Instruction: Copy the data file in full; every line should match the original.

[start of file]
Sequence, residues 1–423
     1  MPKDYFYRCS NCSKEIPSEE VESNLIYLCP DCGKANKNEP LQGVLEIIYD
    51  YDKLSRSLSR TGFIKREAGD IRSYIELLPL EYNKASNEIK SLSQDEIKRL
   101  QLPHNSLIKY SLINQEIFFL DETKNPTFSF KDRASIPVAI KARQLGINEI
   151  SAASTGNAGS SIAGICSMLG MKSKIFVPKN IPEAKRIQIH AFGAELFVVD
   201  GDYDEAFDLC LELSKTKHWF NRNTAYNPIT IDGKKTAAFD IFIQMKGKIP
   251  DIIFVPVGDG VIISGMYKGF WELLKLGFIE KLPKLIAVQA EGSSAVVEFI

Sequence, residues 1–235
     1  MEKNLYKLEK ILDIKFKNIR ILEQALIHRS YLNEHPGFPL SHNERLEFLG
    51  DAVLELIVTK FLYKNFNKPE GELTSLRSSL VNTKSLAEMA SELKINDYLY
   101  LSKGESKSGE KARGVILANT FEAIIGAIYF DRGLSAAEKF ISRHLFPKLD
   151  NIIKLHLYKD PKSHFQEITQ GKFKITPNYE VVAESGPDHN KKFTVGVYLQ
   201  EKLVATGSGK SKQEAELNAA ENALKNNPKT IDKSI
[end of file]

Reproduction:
Sequence, residues 1–423
     1  MPKDYFYRCS NCSKEIPSEE VESNLIYLCP DCGKANKNEP LQGVLEIIYD
    51  YDKLSRSLSR TGFIKREAGD IRSYIELLPL EYNKASNEIK SLSQDEIKRL
   101  QLPHNSLIKY SLINQEIFFL DETKNPTFSF KDRASIPVAI KARQLGINEI
   151  SAASTGNAGS SIAGICSMLG MKSKIFVPKN IPEAKRIQIH AFGAELFVVD
   201  GDYDEAFDLC LELSKTKHWF NRNTAYNPIT IDGKKTAAFD IFIQMKGKIP
   251  DIIFVPVGDG VIISGMYKGF WELLKLGFIE KLPKLIAVQA EGSSAVVEFI

Sequence, residues 1–235
     1  MEKNLYKLEK ILDIKFKNIR ILEQALIHRS YLNEHPGFPL SHNERLEFLG
    51  DAVLELIVTK FLYKNFNKPE GELTSLRSSL VNTKSLAEMA SELKINDYLY
   101  LSKGESKSGE KARGVILANT FEAIIGAIYF DRGLSAAEKF ISRHLFPKLD
   151  NIIKLHLYKD PKSHFQEITQ GKFKITPNYE VVAESGPDHN KKFTVGVYLQ
   201  EKLVATGSGK SKQEAELNAA ENALKNNPKT IDKSI